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Modelling and geochemical implications of intra-arc melting: consequences for the composition of the continental crust

Final Report Summary - MELTARC (Modelling and geochemical implications of intra-arc melting: consequences for the composition of the continental crust)

The continental crust (CC) on which humans are living, is a major reservoir of mineral and organic resources necessary for social development. How continental crust grew and reached its present day composition is a question that still puzzle geologists. Volcanic arcs forming in subduction zones are thought to be the main building blocks of CC. Recent studies however pointed out that volcanic arcs have not the same composition that the CC. We are able to access the superficial section of volcanic arcs, those who are exposed at surface, and these are relatively well-known. The structure of arc roots, lying down to 40 km below sea level is not accessible except indirectly with from seismic studies, but they are a potential key to link the arcs to the continental crust. In the MELARC project, we proposed to study the deep roots of arcs where the crust to mantle transition is exposed. Some complexes representing arc sections now sandwiched in orogenic belts (Kohistan arc in Himalaya; Amalaoulaou complex in West Africa) have been accreted on the continental crust and we can sample them and observe their structure.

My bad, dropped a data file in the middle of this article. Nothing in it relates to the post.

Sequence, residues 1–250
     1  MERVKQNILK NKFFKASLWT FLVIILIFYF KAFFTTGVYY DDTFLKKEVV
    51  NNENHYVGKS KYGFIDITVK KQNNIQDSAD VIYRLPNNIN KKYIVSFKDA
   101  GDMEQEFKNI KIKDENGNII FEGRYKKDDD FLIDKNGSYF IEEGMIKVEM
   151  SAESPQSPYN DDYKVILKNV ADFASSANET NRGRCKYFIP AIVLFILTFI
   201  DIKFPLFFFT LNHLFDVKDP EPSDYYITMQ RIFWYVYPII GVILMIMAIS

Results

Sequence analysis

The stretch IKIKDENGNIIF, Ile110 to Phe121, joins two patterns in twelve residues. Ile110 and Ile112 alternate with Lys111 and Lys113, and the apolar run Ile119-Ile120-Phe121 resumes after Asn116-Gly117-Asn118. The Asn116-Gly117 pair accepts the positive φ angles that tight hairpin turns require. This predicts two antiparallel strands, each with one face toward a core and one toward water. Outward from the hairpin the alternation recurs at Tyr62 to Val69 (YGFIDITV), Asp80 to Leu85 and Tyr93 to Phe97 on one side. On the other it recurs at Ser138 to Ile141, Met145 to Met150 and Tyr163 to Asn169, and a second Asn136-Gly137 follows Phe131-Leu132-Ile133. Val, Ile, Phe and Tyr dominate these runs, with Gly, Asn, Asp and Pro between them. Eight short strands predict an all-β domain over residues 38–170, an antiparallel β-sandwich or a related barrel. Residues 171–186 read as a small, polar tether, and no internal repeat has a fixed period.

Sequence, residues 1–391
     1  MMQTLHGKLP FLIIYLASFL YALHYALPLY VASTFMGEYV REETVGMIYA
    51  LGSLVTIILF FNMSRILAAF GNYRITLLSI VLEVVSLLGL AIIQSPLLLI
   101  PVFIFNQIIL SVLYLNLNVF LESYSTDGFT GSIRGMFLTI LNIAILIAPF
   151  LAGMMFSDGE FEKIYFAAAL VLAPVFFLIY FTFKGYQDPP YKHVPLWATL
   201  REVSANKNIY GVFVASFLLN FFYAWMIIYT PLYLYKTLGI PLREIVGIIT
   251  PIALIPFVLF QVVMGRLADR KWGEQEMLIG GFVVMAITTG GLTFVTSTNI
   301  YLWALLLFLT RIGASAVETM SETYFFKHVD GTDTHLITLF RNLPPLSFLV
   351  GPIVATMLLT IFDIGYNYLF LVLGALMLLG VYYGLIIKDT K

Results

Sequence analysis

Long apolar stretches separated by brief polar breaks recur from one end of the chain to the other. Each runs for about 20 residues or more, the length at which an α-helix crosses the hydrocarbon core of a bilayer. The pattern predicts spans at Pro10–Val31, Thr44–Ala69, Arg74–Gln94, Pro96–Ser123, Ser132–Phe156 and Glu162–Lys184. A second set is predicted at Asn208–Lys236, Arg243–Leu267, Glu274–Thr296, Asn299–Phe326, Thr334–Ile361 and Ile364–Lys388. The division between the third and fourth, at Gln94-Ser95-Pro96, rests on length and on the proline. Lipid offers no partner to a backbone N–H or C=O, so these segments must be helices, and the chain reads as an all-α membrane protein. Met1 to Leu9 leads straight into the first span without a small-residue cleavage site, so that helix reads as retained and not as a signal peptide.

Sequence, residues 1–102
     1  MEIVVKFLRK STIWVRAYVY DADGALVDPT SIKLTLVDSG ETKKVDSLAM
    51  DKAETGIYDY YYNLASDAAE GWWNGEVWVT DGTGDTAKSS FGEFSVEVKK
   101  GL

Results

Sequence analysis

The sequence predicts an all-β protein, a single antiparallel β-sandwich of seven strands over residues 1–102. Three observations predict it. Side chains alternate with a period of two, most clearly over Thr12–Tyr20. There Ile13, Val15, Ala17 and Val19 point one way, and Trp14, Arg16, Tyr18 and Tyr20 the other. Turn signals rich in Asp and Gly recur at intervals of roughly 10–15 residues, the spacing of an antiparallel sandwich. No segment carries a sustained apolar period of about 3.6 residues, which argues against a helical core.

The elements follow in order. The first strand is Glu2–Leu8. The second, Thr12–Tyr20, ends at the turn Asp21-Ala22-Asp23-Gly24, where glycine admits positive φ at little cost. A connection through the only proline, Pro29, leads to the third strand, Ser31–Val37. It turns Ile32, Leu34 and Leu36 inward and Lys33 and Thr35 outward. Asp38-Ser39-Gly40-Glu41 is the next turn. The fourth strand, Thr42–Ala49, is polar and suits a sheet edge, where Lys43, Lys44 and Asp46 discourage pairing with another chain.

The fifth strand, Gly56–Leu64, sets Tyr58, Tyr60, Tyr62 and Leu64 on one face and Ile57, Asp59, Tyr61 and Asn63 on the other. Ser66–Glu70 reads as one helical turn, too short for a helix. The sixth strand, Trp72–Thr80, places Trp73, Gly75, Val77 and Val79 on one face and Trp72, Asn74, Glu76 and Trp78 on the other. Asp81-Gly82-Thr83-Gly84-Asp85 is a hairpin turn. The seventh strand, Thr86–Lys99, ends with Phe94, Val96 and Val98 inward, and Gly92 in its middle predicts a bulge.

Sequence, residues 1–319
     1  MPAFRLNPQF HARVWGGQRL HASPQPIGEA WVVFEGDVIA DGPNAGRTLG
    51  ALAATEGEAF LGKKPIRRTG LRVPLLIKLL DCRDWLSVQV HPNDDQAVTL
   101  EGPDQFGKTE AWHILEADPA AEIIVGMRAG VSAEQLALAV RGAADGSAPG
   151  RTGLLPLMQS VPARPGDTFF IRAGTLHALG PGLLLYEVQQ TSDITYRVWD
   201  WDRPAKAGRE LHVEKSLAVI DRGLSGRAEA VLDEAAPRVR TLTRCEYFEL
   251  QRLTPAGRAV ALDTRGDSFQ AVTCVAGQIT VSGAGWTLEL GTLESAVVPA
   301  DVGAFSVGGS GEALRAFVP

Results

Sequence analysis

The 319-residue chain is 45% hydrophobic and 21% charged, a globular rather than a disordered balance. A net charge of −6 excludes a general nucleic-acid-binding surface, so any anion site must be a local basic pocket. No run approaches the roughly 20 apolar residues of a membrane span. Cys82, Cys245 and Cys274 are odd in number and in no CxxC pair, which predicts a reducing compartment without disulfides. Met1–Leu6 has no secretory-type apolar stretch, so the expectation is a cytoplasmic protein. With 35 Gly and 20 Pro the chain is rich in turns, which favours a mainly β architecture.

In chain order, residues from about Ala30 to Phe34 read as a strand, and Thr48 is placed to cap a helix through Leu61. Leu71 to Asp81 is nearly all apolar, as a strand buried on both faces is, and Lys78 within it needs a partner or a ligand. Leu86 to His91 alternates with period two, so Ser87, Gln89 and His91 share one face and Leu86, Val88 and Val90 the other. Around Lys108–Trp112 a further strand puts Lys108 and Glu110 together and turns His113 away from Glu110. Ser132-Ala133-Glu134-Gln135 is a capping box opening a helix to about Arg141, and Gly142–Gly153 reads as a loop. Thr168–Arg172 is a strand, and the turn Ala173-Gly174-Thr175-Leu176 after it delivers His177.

We analysed the composition of rock forming the arcs roots and measured their physical properties such as the density and the seismic velocities. Our findings allow a better understanding of deep arc rocks and allow the possibility to link the results of remote geophysical prospection on active arcs and the nature of rocks forming the crust to mantle transition. We found that several petrogenetic processes are involved in the formation of arc roots, each process leading to a modification of arc roots. Percolation of basaltic magma in the mantle below arcs produce pyroxenites that are stable compared to their host rocks. In the crust, however, repeated intrusions of magma lead to the production of dense pyroxenites and leads to melting in the deep arc roots. These processes are occurring at 30 to 40 km depth and they induced changes in the bulk density of the arc root. Despite an increase in the density, the distribution of the dense pyroxenites does not favour their gravitational instability and their recycling in the upper most mantle. This mean that arcs can be considered as system where magmatic inputs are high but where outputs from crust to mantle are probably low. Active arcs cannot be considered as an equivalent of bulk continental crust which was created and evolved over more than 3.5 billon years. Numerical models will confirm if arc roots are gravitationally stable and if no, what are the output fluxes associated with gravitational instabilities.